advertisers set a major media evolution in motion. The results include the mining and development of niche audiences by TV, radio, and newspapers – and their willingness to forge closer ties to advertisers. Magazines held off change a bit longer but are now
coming up with some new tricks of their own.
Esther Jean, print manager at ZenithOptimedia in Montreal, says new,
independent publishers shook up the
business with their readiness to explore
different and non-traditional ways of reaching consumers. More established titles have taken note and she says some of the major publishers have responded with new
products and niche titles – even in traditional categories such as fashion and beauty with, for example, Elle Canada, Wish, LouLou, Clin d’Oeil, Fashion 18, Elle Quebec, and FQ.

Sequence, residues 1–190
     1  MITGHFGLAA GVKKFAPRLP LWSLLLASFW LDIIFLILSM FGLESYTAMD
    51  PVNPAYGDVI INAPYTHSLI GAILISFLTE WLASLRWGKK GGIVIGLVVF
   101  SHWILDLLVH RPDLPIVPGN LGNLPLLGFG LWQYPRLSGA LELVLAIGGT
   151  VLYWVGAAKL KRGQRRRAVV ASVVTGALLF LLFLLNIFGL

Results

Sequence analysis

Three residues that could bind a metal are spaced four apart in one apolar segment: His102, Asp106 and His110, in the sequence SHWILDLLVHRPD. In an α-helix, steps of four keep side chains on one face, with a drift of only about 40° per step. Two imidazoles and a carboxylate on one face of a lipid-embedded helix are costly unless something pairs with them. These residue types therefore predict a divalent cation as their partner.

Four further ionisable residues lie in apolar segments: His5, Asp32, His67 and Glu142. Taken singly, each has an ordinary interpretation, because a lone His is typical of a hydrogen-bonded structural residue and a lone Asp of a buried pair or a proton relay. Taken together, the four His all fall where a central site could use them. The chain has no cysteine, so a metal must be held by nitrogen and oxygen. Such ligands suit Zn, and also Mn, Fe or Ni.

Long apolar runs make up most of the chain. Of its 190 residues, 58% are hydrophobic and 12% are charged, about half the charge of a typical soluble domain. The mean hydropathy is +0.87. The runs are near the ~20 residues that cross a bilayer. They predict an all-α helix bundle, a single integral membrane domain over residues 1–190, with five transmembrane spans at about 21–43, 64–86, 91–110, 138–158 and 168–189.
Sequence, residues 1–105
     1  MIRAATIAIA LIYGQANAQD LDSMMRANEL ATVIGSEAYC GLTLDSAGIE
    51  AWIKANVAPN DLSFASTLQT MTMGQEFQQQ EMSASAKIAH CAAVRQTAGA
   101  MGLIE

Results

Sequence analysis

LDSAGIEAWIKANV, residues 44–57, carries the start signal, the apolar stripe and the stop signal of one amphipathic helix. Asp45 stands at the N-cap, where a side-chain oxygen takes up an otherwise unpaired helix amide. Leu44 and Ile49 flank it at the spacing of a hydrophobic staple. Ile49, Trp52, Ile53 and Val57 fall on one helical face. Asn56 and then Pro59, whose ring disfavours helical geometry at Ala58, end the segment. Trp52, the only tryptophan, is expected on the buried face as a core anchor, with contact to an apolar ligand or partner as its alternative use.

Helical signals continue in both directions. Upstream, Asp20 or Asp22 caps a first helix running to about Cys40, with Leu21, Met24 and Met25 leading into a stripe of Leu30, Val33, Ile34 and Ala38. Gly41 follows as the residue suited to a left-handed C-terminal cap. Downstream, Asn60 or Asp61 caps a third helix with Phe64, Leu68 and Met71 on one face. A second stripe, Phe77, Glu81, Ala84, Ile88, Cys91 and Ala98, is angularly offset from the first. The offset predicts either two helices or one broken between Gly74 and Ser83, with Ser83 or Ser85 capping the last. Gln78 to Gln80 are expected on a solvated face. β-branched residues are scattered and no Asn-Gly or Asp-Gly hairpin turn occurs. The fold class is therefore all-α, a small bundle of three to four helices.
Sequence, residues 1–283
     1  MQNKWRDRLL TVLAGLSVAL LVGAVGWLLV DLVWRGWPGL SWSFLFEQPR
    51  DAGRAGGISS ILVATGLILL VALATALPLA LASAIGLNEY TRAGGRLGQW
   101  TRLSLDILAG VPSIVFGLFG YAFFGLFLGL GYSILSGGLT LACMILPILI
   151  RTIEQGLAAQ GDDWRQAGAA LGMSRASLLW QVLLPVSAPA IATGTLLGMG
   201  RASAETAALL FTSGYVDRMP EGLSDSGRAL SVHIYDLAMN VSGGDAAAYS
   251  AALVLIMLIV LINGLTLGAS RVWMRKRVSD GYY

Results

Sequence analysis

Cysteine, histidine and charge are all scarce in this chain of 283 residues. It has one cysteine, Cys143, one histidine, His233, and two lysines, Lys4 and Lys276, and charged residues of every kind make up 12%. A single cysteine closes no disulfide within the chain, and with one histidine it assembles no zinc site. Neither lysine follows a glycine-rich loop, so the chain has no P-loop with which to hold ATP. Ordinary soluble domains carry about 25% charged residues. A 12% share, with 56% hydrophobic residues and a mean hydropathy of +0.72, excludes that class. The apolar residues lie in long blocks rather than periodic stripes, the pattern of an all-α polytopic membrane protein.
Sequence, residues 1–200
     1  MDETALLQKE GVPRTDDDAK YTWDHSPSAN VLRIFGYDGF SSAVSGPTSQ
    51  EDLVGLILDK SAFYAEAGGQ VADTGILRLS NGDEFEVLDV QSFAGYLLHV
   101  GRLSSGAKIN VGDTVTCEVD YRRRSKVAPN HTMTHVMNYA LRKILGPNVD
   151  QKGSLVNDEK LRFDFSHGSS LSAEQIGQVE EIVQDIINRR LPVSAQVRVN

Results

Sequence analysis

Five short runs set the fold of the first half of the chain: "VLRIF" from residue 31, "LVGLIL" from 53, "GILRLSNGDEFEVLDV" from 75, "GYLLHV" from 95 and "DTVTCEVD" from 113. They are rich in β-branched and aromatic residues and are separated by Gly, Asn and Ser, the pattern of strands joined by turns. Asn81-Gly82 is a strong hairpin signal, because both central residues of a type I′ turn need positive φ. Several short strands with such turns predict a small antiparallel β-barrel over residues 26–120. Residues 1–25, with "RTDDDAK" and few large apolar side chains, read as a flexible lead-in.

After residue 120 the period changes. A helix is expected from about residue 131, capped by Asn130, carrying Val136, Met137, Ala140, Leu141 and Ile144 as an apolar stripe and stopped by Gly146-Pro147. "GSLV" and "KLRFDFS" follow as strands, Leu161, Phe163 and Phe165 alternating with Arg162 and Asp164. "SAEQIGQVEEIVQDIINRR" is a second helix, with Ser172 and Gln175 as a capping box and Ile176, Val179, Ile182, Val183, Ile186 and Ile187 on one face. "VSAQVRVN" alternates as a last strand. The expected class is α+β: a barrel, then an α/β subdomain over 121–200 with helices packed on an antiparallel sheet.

Here are some tips from the experts for getting the most out of magazine advertising:
* Work with new or small publications. They are more flexible and more open to innovation than established titles.
* Where appropriate, take advantage of multi-media projects that take your
brand across the magazine’s broadcast and Web properties to more closely connect with its community of readers. It also exploits net reach and frequency of all media involved.
* Push the envelope for a closer connection between advertising and editorial but respect the publication’s need to maintain its
credibility by ensuring that readers know the difference between the two.
*If you think your ad is going to get lost, innovate – invent a new ad format, position or feature to sponsor.